Fox News hosted the final Republican debate before the Iowa caucus on Thursday night with an interesting shift from the previous debates in that frontrunner Donald Trump chose not to participate. He cited an ongoing feud with Fox News‘ Megyn Kelly, one of the event’s moderators, as the reason he would not participate. Apparently, he told Fox to replace her as a moderator and they refused. The feud largely began after Trump took offense to Kelly’s question regarding whether or not he had the temperament to be president in the first debate, later implying that she asked the question because it was her time of the month (though he has since denied that that was his intention).
Many questioned whether or not the debate would suffer in the ratings as Trump not only refused to participate but held his own event at the same time. While Fox News‘ ratings did likely suffer somewhat, the dip was not as great as many feared (or as Trump predicted). The candidates that did attend took a few shots at the absent frontrunner but largely kept the debate’s focus on their own policies and credentials. And, as CNN‘s Eric Bradner notes, while the event did lack some of the “personality” of previous debates, its substance was largely the same.
Ultimately, the debate sounded quite similar to the last several. Ted Cruz and Marco Rubio sparred on multiple occasions while Jeb Bush and Chris Christie interjected where possible. Rand Paul, Ben Carson, and John Kasich tried their best to remain relevant, and often had some good things to contribute, but were largely left on the periphery. And Donald Trump, even in his absence, remained a figure of prominence more for what he said prior to the debate than for what he said in it.
It will be interesting to see if any of Iowa’s voters were swayed by Thursday night’s event. While the results are not always indicative of how the larger process will go (the last time the winner in Iowa was the eventual nominee was 2004), it can serve as an important indicator of each candidate’s progress to date. As such, a great deal of time and money has been spent in trying to secure the necessary votes for each to seem like a legitimate contender going forward.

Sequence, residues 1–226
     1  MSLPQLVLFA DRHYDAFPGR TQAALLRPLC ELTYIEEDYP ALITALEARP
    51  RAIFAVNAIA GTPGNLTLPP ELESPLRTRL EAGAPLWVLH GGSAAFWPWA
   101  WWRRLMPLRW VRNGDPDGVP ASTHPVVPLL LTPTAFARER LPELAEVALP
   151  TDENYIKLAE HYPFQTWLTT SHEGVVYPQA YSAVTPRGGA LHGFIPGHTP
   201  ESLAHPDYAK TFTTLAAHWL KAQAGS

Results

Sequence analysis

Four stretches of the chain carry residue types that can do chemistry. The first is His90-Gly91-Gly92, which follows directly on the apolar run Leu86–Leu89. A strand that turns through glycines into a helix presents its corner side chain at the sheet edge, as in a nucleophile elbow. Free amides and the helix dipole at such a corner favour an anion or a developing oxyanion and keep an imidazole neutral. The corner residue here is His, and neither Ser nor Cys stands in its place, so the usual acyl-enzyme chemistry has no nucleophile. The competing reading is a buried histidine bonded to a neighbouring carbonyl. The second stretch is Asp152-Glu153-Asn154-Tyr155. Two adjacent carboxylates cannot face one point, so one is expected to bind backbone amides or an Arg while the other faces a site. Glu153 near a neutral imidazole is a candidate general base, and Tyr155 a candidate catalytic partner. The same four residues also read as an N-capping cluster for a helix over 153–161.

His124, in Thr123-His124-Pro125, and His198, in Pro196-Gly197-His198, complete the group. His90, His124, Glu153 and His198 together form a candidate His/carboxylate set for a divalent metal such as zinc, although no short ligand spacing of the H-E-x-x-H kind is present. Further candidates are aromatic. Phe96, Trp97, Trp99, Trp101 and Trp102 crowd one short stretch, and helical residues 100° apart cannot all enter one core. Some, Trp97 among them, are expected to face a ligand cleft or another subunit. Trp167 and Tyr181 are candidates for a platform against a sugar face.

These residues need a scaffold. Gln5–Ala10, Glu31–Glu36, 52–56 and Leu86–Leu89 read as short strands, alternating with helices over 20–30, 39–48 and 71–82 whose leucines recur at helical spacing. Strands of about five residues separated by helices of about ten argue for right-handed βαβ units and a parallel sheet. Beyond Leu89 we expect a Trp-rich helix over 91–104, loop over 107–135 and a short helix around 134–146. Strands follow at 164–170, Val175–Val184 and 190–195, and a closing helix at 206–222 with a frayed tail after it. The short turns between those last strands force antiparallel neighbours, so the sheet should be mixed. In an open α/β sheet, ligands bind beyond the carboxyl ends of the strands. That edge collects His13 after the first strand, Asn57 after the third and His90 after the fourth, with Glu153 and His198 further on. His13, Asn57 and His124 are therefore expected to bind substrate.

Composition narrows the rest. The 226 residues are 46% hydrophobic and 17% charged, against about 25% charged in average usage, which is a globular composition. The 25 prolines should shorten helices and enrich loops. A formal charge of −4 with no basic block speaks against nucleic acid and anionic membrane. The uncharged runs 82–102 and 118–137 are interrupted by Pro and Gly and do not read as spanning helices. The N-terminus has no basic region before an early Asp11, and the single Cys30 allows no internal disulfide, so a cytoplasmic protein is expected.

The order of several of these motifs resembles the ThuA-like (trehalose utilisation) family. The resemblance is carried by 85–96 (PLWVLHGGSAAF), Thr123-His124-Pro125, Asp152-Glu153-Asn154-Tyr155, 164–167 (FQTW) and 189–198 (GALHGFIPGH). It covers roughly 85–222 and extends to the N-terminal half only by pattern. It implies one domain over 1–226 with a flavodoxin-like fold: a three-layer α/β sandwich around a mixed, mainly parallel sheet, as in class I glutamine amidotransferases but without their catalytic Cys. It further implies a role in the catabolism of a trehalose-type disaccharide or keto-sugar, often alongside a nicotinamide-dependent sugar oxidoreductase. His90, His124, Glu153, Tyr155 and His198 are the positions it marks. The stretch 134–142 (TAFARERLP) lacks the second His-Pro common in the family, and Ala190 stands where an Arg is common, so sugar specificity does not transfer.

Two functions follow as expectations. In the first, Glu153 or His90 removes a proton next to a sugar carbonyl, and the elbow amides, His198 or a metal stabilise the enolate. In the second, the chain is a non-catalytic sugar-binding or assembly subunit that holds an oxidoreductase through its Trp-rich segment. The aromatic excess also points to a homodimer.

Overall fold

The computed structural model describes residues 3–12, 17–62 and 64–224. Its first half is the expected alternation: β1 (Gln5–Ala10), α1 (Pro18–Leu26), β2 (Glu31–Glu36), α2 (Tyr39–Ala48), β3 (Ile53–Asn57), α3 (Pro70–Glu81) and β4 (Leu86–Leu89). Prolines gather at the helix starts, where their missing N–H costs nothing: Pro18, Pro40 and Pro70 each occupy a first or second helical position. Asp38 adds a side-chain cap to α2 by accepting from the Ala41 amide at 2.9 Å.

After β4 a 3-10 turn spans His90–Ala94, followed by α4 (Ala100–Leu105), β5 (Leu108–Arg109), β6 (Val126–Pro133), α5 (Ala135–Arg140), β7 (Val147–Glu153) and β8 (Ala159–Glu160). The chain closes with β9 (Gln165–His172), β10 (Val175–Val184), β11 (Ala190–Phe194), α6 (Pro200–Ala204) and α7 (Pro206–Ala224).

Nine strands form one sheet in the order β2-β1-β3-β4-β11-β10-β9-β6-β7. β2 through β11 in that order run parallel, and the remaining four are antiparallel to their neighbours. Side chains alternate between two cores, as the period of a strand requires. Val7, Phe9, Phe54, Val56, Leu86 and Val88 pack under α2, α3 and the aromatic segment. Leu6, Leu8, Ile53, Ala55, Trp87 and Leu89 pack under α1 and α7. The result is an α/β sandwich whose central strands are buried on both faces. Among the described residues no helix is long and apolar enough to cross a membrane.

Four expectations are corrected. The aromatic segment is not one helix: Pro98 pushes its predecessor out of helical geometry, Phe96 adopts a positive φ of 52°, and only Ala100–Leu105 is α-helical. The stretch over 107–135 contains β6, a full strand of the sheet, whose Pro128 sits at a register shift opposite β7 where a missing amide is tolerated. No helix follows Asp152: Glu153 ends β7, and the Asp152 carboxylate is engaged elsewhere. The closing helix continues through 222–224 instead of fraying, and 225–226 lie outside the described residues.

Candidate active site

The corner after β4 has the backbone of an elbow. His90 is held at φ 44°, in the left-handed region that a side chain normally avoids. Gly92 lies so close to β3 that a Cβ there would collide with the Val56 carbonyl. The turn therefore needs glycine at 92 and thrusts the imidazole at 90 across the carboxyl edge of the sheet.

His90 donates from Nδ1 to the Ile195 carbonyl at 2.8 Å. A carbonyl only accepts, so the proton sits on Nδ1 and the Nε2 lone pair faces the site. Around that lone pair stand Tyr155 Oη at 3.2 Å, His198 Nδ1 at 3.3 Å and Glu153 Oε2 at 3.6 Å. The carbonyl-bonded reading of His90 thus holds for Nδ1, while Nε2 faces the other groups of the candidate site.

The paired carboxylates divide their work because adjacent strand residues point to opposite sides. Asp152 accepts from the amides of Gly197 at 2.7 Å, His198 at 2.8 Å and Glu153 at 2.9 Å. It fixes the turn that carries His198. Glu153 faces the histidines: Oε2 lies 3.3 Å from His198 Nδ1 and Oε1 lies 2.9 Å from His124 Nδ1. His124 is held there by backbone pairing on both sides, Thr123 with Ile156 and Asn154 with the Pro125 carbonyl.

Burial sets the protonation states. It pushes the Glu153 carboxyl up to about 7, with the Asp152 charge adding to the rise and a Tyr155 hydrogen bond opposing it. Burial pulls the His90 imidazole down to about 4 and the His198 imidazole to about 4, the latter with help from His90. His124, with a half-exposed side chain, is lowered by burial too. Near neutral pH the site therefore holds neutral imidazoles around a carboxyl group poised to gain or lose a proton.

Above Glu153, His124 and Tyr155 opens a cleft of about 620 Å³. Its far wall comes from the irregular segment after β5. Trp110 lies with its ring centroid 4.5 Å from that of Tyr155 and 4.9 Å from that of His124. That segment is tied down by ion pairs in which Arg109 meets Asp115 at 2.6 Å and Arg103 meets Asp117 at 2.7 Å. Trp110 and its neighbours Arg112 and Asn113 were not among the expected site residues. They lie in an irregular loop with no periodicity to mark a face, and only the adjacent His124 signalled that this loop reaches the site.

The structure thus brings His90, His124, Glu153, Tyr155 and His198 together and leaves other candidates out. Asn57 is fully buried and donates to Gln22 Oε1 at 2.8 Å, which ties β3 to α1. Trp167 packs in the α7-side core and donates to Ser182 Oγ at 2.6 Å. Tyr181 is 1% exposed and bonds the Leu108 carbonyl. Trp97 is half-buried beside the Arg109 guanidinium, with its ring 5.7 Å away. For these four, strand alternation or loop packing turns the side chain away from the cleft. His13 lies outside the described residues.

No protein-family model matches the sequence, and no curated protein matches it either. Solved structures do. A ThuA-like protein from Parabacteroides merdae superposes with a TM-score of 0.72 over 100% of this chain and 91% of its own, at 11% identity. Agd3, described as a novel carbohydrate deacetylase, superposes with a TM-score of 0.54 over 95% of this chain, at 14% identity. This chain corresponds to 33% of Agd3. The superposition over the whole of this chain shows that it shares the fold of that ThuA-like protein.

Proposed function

As Christians, we are very fortunate that our walk with God doesn’t work the same way. Neither our place in his kingdom nor his love for us are based on our actions or investment. Rather, we can live with the security of knowing that when he looks at us, he sees the righteousness of Christ (2 Corinthians 5:21). And while that doesn’t mean that he ignores our sin or that we should not be concerned with obeying him as such obedience should be a necessary outpouring of our love for him, it does mean that we no longer stand eternally condemned for our mistakes.
The problem is that we don’t always live that way. There’s an important distinction between conviction and guilt and the Holy Spirit is only responsible for the former. God convicts us of our sin so that we might know to ask his forgiveness and learn from our mistakes. However, guilt begins to creep in when we forget that we are not ultimately defined by those mistakes but rather by the love that led our heavenly Father to sacrifice his only Son so that we might live in a restored relationship with him.
You see, when we forget that our place with God is secure in Christ, our sin not only drives us away from the Lord in the moment but for as long as we allow it to make us question our place in his kingdom. I truly believe that allowing such a misunderstanding of how God sees us to make us doubt his love breaks the Father’s heart far more than any mistake ever could, because it speaks directly to how we see him.
So the next time you experience the Holy Spirit’s conviction, allow it to drive you into the Father’s forgiveness rather than question your place in his kingdom. God’s love for you is not and never will be dependent on anything other than the simple fact that, if you have accepted Jesus as your Lord and savior, you are his child once again (Galatians 4:1–7). Live like it.